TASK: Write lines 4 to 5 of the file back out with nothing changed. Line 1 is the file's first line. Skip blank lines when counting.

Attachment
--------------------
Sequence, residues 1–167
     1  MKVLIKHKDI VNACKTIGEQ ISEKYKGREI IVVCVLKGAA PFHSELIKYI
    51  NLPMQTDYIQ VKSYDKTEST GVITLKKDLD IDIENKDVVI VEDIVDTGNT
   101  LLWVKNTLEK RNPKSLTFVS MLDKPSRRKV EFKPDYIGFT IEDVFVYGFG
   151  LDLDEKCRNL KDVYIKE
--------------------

   101  LLWVKNTLEK RNPKSLTFVS MLDKPSRRKV EFKPDYIGFT IEDVFVYGFG
   151  LDLDEKCRNL KDVYIKE